Cholesterol & Saturated Fat: Understand How They're Connected

When it comes to preventing heart coronary diseases, cholesterol and saturated fat are two substances that are often mentioned together. There is a tight connection between these and you need to learn more details about them, in order to avoid atherosclerosis and other cardiovascular diseases. 

Why Is Cholesterol So Important?

Cholesterol represents a waxy substance that is produced by your liver. It plays major parts in the production of hormones and vitamin D, provided that it is good cholesterol (high-density lipoprotein) and the right amount. However, when the normal limits are exceeded, deposits of cholesterol get formed inside your blood vessels. In time, these deposits will not allow the blood to flow properly and will obstruct the arteries, leading to atherosclerosis in the first phase and even to heart attack (in the more severe cases). In order to keep blood cholesterol levels under control, you need to learn about how foods influence these levels, and in particular, how saturated fat affects blood cholesterol levels. 

How Does Saturated Fat Affect Blood Cholesterol Levels?

Dietary cholesterol, which is available exclusively in foods of animal origin, does not have a remarkable effect on blood cholesterol levels. On the other hand, saturated fat and trans fatty acids lead to significant changes. Saturated fat is available in such foods as:

  • Meat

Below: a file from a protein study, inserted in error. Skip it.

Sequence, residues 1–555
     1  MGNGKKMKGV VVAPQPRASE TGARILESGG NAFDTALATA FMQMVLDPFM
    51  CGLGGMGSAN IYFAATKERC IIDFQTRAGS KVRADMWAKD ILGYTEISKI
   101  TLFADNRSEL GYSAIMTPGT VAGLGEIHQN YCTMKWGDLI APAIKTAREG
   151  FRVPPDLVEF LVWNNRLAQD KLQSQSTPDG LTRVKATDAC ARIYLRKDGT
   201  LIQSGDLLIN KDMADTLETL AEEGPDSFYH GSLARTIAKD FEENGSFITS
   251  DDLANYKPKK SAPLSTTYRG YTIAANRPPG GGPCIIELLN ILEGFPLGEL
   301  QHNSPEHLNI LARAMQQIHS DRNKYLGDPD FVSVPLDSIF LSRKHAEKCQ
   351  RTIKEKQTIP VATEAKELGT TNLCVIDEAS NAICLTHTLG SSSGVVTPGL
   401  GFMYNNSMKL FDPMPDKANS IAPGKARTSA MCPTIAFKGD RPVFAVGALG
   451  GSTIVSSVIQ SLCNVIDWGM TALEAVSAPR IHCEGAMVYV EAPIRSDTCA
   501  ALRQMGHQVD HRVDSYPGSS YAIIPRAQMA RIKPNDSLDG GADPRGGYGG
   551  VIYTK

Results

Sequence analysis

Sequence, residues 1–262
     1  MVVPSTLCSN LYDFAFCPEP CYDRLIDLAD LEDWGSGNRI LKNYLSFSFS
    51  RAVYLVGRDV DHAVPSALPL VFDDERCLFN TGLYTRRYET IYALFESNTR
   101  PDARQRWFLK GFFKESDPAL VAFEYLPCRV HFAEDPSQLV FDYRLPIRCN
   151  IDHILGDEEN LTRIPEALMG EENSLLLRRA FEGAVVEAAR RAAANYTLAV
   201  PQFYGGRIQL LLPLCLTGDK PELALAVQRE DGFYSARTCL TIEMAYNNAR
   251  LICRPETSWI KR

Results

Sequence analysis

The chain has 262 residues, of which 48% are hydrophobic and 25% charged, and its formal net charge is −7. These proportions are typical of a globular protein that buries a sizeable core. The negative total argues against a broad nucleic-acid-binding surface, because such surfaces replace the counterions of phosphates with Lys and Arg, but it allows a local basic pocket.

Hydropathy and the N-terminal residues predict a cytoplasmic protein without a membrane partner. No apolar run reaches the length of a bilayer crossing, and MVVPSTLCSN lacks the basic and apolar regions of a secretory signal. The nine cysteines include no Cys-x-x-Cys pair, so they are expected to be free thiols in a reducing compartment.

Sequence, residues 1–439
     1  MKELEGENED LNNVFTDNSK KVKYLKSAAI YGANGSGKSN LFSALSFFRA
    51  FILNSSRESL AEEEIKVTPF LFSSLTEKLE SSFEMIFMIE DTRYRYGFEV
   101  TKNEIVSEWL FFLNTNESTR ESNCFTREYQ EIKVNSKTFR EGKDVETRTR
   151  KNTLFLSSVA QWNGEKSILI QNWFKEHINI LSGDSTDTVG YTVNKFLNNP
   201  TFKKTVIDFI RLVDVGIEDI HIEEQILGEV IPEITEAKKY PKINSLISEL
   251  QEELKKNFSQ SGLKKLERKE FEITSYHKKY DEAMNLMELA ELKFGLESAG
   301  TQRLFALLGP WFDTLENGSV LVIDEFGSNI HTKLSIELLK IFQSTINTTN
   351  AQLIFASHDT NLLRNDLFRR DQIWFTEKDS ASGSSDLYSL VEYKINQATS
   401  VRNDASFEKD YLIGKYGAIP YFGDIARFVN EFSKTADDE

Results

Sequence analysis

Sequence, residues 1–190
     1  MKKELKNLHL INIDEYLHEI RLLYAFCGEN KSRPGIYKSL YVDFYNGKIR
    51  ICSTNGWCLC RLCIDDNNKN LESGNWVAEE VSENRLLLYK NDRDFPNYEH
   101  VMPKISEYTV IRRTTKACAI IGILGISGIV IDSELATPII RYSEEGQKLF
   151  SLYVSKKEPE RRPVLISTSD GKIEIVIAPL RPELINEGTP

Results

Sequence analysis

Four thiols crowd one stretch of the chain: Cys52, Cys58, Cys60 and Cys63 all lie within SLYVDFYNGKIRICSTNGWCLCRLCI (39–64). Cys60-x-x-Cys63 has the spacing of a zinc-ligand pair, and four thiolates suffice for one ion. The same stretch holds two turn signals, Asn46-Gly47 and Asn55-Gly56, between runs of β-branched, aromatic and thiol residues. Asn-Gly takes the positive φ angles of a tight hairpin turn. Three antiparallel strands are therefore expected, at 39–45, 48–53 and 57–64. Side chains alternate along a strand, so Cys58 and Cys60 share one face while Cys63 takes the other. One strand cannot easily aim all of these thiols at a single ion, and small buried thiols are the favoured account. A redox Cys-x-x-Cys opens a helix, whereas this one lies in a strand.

• Poultry
  • Dairy products

Keep in mind that saturated fats are not found only in animal products, so you should also avoid:

  • Palm oil
  • Palm kernel oil
  • Coconut oil

Saturated fats are known to raise the low-density lipoprotein levels. In other words, it means that the amount of bad cholesterol found in your body gets higher, and so does the risk of heart diseases. As a consequence, you need to make sure that the recommended daily intake of saturated fat does not exceed 20 grams. 

Watch Food Labels

Foods that are labeled as having no cholesterol are not necessarily safe. While lacking dietary cholesterol, they may contain high amounts of saturated fat, which is able to increase blood cholesterol levels. Instead, you need to pay more attention to foods that contain monounsaturated and polyunsaturated fats, which are considered healthy fats and do not affect the blood low-density lipoprotein levels. Saturated fats does not play a major role in your nutrition, so minimizing the intake will not have any adverse reactions.  

Many recipes come with nutritional facts, so it will be easy to find out the intake of saturated fat per serving. Besides that, you can use online calculators in order to find out the amount of saturated fat found in a certain food or in a particular ingredient. These will help you to maintain blood cholesterol levels within normal limits. Healthy eating will surely keep heart diseases as distance, while also helping you lose weight.


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